WHO'S GREATER?

National Assembly is the upper House

Can legislate on anything in the world.

In Summary

• Senate can only legislate on functions of the counties such as laws on pre-primary and nursery schools, and agriculture.

• Without the approval of the National Assembly, the Senate Bills would certainly die or fail.

The Senate has filed a lawsuit challenging 24 laws enacted by the 12th Parliament. One wonders why the Senate chose to file the case at this stage rather than upon enactment of these Acts. But it is the basis of the case that raises interesting questions.

The Senate is seeking the invalidation of all 24 Acts on the basis of what it cites as a complete disregard of the Constitution by the National Assembly in relation to its legislative mandate. While I may not want to comment on matters before a court of law because of the sub judice rule, I can review the Constitution on how it demarcates the mandate of each House of Parliament.

Article 95 and 96 confer exclusive mandate on the National Assembly to represent the people of the constituencies and deliberate on and resolve issues of concern to the people. This is why there are 290 Members of Parliament representing all the constituencies. Each MP is supposed to represent his or her constituency and resolve any problems raised by the constituents.

The National Assembly is also responsible for determining the allocation of revenue between the national and county governments. This means dividing the national cake to meet the objectives of devolution. It is only the National Assembly that is responsible for passing laws which allow for withdrawal of cash to fund public projects or provision of services to wananchi.

The Senate cannot introduce or consider Bills that do not concern county governments. The Senate cannot originate money Bills, which connotes Bills that require the expenditure of public funds for their implementation. It is nearly impractical to have a legislative proposal that does not require expenditure of public funds to be implemented.

Further, the National Assembly exercises oversight over national revenue and its expenditure. This is usually through the House teams such as the Public Accounts Committee and the Public Investments Committee before whom heads of parastatals appear to answer to audit queries.

Additionally, it is only the National Assembly that has the power to initiate impeachment of the President and Deputy President. Only the National Assembly can consider petitions or requests by wananchi for removal of Cabinet secretaries and members of constitutional commissions.

Further, it is only the National Assembly that can approve a motion sanctioning the country to go to war or declare a state of emergency. It is also only the National Assembly that has power to approve appointments made by the President such as CSs, Principal Secretaries and diplomats among others. It also only the National Assembly that can approve deployment of foreign forces in Kenya and approve the deployment of the Kenya Defence Forces to restore peace in any part of Kenya.  The Senate has no role whatsoever in these functions.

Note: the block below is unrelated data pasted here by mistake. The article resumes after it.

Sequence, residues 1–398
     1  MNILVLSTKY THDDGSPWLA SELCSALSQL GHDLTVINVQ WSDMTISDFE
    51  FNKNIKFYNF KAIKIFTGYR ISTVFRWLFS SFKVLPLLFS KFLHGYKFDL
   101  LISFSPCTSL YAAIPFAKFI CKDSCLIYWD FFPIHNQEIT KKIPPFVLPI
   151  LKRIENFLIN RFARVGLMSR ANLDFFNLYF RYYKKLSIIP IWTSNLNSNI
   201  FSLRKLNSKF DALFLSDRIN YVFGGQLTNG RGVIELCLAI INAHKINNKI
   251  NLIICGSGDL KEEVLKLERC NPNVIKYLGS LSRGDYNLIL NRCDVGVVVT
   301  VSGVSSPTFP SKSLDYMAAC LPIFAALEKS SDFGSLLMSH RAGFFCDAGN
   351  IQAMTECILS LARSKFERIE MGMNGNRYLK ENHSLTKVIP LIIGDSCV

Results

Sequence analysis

In terms of its legislative mandate, Article 109 gives authority to the National Assembly to introduce and consider any Bill. It is only the National Assembly that can legislate on any matter. Such is the unlimited legislative mandate of the National Assembly.

The Senate, on the other hand, is limited in its role. It can only introduce and consider Bills concerning county governments. Unlike the National Assembly, which can legislate on anything in the world, the Senate can only legislate on functions of the county governments such as laws on pre-primary and nursery schools, agriculture, including crop husbandry and abattoirs, licensing of dogs and burial of animals, cultural activities including video shows and hiring, control of drugs and pornography and county health services, including crematoria and funeral parlours, and the like.

However, the National Assembly must also approve Bills touching on functions of county governments upon passage by Senate. Without the approval of the National Assembly, the Senate Bills would certainly die or fail.

The Senate cannot introduce or consider Bills that do not concern county governments. The Senate cannot originate money Bills, which connotes Bills that require the expenditure of public funds for their implementation. It is nearly impractical to have a legislative proposal that does not require expenditure of public funds to be implemented.

This constitutional provision further illustrates the limited nature of the Senate legislative mandate, as the Senate has to look for a Bill that nearly does not exist for them to originate. This explains why very few Bills are originated by the Senate. This is the nature of the limited legislative mandate of the Senate. As such, the senators should stop accusing the National Assembly Speaker of ignoring them when passing laws.